1 T. grill seasoning (sometimes called Montreal or Canadian seasoning)
3 T. crumbled blue cheese
1/4 c. finely diced canned pineapple (or crushed pineapple, drained)
1/4. c. Teriyaki sauce

Mix all together lightly and press (again, using a light touch for moist burgers) into patties, Grill or cook in a skillet.

When done, brush with a little bit more Teriyaki sauce, a tad of blue cheese or a grilled pineapple if you like.

Easy, but particularly delicious burgers!

Becky's Green Lemonade NRG Booster


(This is a pic of my youngest son Gabe and the love of his life, Aleks. Yes, you, too, can look like this if you just drink your greens every day!)



(The ingredients for my Green Lemonade shots!)

My son Gabe and his girlfriend Aleks went to lunch with Greg and me today. Gabe was getting a cold and Aleks said, "I just told him, don't worry. We're going to your mom's today. She'll fix you up."

One of my friends calls me Medicine Mountain Woman because I always have a wide variety of concoctions on hand to help cure whatever ails you. So I gave Gabe a take-home baggie with astragalas, garlic and elderberry tablets, along with a vitamin C powder. But before he left, I asked, "Do you two want me to make you green drink before you go ?"

To which both nodded enthusiastically, "Yes!"

This is one of Gabe & Alek's favorite energy boosters, and mine too. It actually tastes delicious and refreshing. But I make it in small "shots" -- about 1/2 c. over ice so you can drink it quickly before the green powder unmixes...

In a small juice glass:

Squeeze 1/2 lemon or lime
1 t. green powder (from health food store, I like Kyo-Greens brand pictured above)
1 T. L-carnatine liquid, citrus flavored by NOW products (great tasting stuff & this amino really gives you a non-shaky boost of energy and is excellent for heart health.)
Squirt of agave nectar or real maple syrup; or Stevia to taste

About 1/4 c. to 1/2 c. water
When you sip, it should taste like lemonade or lime-aid with just a little bit of that "freshly mowed lawn" freshness. :) So good.

I like mine over ice and drink it straight, like a cowboy downing his whisky at a bar.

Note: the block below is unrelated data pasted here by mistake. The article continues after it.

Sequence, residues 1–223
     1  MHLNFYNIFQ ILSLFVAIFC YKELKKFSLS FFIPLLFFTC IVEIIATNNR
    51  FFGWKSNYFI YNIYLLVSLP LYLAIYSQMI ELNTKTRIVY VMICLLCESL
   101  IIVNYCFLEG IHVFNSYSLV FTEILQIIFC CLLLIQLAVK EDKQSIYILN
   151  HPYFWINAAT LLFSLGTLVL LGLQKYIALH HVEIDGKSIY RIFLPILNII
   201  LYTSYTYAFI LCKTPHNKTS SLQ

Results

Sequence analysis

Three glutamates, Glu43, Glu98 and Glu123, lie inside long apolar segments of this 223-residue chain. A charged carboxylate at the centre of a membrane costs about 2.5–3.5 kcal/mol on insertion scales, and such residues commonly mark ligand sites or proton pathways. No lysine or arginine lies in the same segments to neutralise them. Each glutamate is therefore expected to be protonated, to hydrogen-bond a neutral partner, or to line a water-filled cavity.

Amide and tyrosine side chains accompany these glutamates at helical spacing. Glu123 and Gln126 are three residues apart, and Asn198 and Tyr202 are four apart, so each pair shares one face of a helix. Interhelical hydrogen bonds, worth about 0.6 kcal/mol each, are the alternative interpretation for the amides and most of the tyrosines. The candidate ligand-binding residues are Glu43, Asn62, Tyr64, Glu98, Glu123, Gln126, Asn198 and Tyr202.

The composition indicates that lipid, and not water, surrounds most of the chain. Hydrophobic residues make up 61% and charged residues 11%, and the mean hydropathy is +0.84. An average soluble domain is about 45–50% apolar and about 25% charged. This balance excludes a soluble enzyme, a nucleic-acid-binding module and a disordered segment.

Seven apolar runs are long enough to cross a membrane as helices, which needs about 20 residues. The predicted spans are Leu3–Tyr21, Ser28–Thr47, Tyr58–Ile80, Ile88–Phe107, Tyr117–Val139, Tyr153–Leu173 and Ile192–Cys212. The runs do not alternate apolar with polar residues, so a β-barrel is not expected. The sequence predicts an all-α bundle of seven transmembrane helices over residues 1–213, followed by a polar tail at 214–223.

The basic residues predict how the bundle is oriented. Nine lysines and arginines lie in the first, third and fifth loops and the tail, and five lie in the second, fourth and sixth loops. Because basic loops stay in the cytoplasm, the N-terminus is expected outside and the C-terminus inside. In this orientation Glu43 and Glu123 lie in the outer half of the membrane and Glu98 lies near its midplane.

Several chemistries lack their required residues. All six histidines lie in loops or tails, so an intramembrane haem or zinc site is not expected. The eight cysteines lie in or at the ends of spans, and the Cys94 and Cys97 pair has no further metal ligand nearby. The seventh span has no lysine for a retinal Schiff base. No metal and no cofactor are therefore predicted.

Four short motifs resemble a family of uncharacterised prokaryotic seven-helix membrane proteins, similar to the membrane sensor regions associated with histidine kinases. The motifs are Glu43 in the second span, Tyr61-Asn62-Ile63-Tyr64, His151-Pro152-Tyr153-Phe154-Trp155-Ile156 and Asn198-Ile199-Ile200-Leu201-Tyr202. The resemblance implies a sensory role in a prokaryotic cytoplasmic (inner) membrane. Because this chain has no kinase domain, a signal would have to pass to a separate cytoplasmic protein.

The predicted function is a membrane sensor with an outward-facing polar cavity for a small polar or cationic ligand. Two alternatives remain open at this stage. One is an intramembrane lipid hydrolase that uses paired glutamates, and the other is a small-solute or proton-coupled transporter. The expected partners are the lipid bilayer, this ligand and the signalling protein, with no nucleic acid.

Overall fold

Only it won't make you tipsy, just puts you in a good mood and increases your energy.

I like this at mid-morning and mid-afternoon on days when I need some extra zippidy in my doo-dah.

Wednesday, September 9, 2009

Oriental Chicken with "Peanut Sauce" Dressing


The first time I tasted a Thai Peanut Sauce, I loved it. If you don't love the peanut flavor, you can still make this dressing and it will be delicious -- just leave out the peanut butter.

For the salads put in each bowl:
Chopped lettuce (I like romaine)
Grated carrot
1/4 c. drained Mandarin oranges
1 T. sliced almonds
1 T. chopped green onions
(Optional: sprinkle of chopped cilantro for garnish if you like it)
Then on top of each salad place some sliced/diced chicken from a roasted chicken. Sam's had incredible bargains on these -- antibiotic free, big and plump and under $5.00.

Then, drizzle the following dressing on top of all:

Peanut Sauce Dressing

1/3 c. oil (I like olive oil)
2 T. rice vinegar (or other mild vinegar of your choice)
Juice from 1/2 fresh lime
3 tablespoons soy sauce
1 1/2 tablespoons dark sesame oil
1 1/2 tablespoon honey
1 tablespoon Sweet Thai Chili sauce (If you don't have this, use 1 T. honey plus 1 minced clove garlic and dash hot sauce)
1 teaspoon peeled, grated fresh ginger
(I keep pieces of ginger in small Ziploc bag in freezer and just grate it frozen, into whatever dish I'm cooking)
1/2 tablespoon sesame seeds, toasted
1/4 cup smooth peanut butter
1 t. salt
1/2 teaspoon black pepper

Stir with small whisk or fork until nice and smooth. Makes a great dipping sauce as well as dressing.

As you can see from these pics, I served these with 1/2 of those new sandwich rounds from Orowheat. (Just 50 calories and lots of fiber in each half.) I mixed a little whipped butter with a bit of garlic and parmesan cheese, spread on the sandwich rounds and placed face down in a skillet until browned and warm. Cut in 1/2 and served tucked into the salad.